August 31 | Plaskett
Some of the most startling things about long-distance cycling are the smells. For the last couple of days, we’ve been riding past eucalyptus trees. Their pungent, aromatic scent takes me back to my high school years in north San Diego County.
The Pacific Coast Highway near where I lived and where I frequently rode my bike, was lined by eucalyptus. What we called “the forest” in town was actually a massive grove of the trees.
When in my 20s, I lived in a one-room cabin in the middle of a eucalyptus grove. I know the smell well. It evokes many fond memories.
Another thing we’ve passed on our tour south is wild anise, with its licorice-like scent. And we’ve encountered road-kill skunks and their own piercing odor.
One night late at camp, I came face to face–10 yards away–with a live skunk. We startled each other, and hurried off in our separate directions.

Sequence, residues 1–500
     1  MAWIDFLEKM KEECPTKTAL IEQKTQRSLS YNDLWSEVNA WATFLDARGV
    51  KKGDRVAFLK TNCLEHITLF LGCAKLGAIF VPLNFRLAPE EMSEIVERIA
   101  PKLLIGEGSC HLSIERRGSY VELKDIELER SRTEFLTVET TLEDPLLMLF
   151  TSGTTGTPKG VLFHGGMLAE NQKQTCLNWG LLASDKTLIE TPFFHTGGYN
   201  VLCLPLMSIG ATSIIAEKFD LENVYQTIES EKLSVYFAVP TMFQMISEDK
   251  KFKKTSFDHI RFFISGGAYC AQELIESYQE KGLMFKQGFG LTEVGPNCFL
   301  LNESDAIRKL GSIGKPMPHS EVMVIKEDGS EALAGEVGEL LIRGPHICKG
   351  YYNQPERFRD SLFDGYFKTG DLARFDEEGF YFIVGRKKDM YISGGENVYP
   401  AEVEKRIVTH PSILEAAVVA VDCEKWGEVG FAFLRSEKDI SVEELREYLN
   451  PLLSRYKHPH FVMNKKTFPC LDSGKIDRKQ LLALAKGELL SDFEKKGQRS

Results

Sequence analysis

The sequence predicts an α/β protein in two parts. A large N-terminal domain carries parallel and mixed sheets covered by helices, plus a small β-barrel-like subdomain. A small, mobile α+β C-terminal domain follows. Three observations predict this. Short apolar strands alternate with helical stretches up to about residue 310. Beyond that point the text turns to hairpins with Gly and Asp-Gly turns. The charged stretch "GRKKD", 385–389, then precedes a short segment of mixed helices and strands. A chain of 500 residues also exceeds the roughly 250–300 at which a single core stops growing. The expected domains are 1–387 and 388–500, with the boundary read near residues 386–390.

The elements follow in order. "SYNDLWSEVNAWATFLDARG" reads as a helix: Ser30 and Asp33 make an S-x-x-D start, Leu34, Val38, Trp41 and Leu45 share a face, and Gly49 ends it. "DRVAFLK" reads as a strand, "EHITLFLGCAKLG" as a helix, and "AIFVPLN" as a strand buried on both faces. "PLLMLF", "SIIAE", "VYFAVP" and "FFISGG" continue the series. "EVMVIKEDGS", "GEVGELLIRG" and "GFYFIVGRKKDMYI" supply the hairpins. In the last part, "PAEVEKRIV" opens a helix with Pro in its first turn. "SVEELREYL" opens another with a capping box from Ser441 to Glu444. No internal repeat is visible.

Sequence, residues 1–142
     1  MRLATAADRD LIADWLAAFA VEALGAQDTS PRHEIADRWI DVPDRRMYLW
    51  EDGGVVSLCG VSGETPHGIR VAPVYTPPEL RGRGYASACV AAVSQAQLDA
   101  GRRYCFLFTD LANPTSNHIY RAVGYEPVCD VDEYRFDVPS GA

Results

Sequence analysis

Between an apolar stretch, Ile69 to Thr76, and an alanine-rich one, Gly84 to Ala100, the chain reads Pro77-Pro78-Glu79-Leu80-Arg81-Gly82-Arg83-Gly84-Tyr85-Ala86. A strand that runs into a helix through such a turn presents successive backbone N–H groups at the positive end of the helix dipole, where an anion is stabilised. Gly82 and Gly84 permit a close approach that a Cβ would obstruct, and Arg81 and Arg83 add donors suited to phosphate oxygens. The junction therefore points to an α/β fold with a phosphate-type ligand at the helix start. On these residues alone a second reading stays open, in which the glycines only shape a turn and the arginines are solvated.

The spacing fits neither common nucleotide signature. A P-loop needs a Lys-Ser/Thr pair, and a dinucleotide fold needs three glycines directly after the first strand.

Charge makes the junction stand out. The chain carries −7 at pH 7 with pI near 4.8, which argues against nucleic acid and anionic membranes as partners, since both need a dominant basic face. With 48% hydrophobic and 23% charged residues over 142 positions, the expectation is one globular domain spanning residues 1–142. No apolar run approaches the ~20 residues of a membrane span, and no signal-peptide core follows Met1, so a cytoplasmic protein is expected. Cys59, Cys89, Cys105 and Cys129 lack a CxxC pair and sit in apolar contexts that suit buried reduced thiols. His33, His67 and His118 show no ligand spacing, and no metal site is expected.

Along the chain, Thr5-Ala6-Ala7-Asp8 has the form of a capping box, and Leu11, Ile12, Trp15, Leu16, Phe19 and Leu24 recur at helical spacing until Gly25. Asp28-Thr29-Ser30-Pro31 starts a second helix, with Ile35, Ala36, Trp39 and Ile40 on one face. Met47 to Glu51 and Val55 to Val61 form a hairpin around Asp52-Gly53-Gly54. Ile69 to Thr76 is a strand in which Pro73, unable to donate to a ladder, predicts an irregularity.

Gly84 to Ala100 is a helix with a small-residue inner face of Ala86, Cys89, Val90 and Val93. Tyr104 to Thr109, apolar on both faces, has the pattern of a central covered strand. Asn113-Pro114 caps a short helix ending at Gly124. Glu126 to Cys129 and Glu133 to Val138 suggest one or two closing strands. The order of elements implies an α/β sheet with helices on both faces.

Much more pleasant encounters have been with people. At a roadside vista point, a woman from England came up to four of us and said, “This might sound crazy, but can I take your picture?”
A week ago, her daughter finished the TransAmerica route (Yorktown, VA to San Francisco) with Bike The US For MS. The woman and her husband came over to congratulate their daughter in San Francisco. Now they were sightseeing along the coast and following the PacCoast team on social media as we make our way down to San Diego.
Long-distance cycling is a continuous up close and personal encounter with the smells, sounds, wildlife, hills, valleys, and people around us. In other words, with all the beauty of this earth and life.
After 66 miles and 5,000 feet of climbing, we arrived at camp today to find that the school at which we’re staying is in the middle of a eucalyptus grove.
I felt right at home.
To learn more about Bike The US For MS, visit biketheusforms.org.